Fashion is the stuff of dreams. It promises glamour, beauty and adventure. Like a desert mirage, fashion promises to fulfil the desire for stylish uniqueness, but more frequently it leaves consumers thirsting for a self-image that is unhealthy and largely unattainable.
This merchandising of illusion is a problem that Eva Kruse, the head of the Danish Fashion Institute, and its subsidiary Copenhagen Fashion Week, is particularly aware of.
“Almost every woman I know is constantly on a diet of some form or battling her weight,” Kruse told The Copenhagen Post. “The fashion industry plays a role in how women see themselves, and we need to show people that it’s okay to have curves.”
However, glamour and dreams – not curves – sell copy. With tabloids and fashion magazines consistently promoting images of slim celebrities and diet routines, it seems that any attempt to change industry practice in this regard faces an uphill battle.
“It takes time and teamwork,” Susan Scafidi, the co-founder of Model Alliance, an NGO designed to help protect models, said. “And that’s why we, as an organisation, have chosen to work and try to help develop our own fashion agencies, rather than aggressively point the finger at others.”
But it’s not just models affected by the obsession with youth and beauty. It pervades the entire entertainment industry.
Singer-songwriter Marina Diamandis, who performs as Marina and the Diamonds, was told by her label, Warner Records, that the company had delayed the released of her video because she was “too ugly” in it.
“My ex-manager told me the video needed more ‘beauty work’,” Diamandis, who is half Greek and half Welsh, told The Copenhagen Post. “My skin tone wasn’t right, for example. And I mustn’t have shaved my armpits that morning, I guess.”
So, someone at my record label wont let me release the video bc I look ugly in it apparently + we need more $ / time to paint out ugly parts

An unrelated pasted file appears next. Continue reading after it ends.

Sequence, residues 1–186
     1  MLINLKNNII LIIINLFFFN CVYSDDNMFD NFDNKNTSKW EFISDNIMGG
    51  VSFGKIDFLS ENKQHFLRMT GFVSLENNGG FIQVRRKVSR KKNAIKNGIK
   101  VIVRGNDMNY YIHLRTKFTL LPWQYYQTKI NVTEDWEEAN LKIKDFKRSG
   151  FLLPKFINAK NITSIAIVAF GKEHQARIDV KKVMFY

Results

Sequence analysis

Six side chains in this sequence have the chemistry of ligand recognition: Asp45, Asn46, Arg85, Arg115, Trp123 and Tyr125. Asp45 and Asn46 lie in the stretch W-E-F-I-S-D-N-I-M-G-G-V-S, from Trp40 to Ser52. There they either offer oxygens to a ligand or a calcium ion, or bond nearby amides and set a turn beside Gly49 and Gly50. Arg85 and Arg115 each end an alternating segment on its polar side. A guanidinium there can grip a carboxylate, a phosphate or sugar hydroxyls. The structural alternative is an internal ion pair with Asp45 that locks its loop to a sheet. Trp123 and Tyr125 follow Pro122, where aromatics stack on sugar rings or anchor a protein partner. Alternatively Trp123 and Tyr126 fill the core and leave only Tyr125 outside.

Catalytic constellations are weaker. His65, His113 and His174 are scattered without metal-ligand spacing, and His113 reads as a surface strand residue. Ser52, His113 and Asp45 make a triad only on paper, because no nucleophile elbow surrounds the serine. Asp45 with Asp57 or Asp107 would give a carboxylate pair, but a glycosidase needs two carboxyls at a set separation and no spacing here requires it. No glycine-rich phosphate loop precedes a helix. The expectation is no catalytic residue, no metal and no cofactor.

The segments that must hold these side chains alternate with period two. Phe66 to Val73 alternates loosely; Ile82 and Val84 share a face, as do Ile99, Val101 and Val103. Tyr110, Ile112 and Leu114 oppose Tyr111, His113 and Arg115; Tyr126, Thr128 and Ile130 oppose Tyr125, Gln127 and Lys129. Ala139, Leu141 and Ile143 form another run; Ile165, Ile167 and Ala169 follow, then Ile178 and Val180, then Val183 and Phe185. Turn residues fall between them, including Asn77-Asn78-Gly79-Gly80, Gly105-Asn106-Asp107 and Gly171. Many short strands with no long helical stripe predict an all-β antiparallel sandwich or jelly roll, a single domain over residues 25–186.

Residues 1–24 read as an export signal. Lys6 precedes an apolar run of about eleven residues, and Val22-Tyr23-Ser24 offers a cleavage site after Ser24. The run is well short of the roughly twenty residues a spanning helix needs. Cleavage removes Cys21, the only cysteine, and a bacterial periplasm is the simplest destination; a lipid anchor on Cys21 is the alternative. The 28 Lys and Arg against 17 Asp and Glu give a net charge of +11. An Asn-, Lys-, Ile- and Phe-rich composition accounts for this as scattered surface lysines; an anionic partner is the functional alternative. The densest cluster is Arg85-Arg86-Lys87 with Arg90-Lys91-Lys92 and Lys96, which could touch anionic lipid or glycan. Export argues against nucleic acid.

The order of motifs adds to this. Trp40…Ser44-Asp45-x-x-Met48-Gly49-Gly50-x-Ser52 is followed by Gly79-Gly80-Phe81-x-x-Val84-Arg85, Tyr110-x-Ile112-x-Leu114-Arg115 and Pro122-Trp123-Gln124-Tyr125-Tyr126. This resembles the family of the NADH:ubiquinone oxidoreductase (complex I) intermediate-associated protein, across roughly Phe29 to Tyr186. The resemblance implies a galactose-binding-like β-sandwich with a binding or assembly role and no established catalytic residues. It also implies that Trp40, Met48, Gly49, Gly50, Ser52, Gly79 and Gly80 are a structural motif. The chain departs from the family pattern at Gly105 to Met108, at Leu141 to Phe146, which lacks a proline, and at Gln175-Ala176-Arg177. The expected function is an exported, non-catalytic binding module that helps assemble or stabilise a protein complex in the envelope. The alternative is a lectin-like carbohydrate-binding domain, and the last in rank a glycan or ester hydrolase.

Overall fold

— MARINA &THE DIAMONDS (@MarinasDiamonds) 24. sep. 2012
“The industry wants you to look a certain way, and that in turn has pushed the standards of beauty to an extraordinarily high level,” she continued. “You have to be perfect. Like a doll.”
Diamandis, who herself sported dyed blonde hair for several years, says that she is strongly against the notion of “botoxing” her own appearance to please the industry. However, she admits that the battle is a compromising one.
“The whole blonde look didn’t come out of nowhere,” the 27-year-old singer admitted. “I knew it would make me more palatable and open me up to a larger audience. And it did. Sadly.”
This superficial obsession is nothing new to Scafidi.
“Being thin and beautiful has become a real sign of wealth,” Scafidi explained. “If you look good, it indicates that you have the money to put effort into your appearance. And that’s why people strive to emulate models and celebrities.”
However, Kruse says it is not productive to scapegoat models and entertainers as the guilty culprits for society’s unhealthy obsession with image.
Hate the game. Not the player. That is the increasingly emphatic message from fashion insiders. However, is it enough to simply point the finger whilst simultaneously feeding the media machine?
“Getting people to join our cause has been very difficult,” Scafidi explained. “Models are expected to be seen and not heard, and we see our job at Model Alliance as giving those professionals a voice in the industry.”
Diamandis, on the other hand, does have a voice and has used her career as a platform to question the notions of image in modern media.
And while songs like ‘Primadonna’ and ‘Teen Idle’ are critical statements of the industry, the fact that Diamandis still allowed Warner Records to “botox” her video is proof that the war is far from over.
“The irony is that the more driven we become to achieve that ideal view of beauty, the uglier we start to feel,” she said. “But I don’t think about that anymore. I’ve grown up.”
The question remains whether society will grow out of it, too.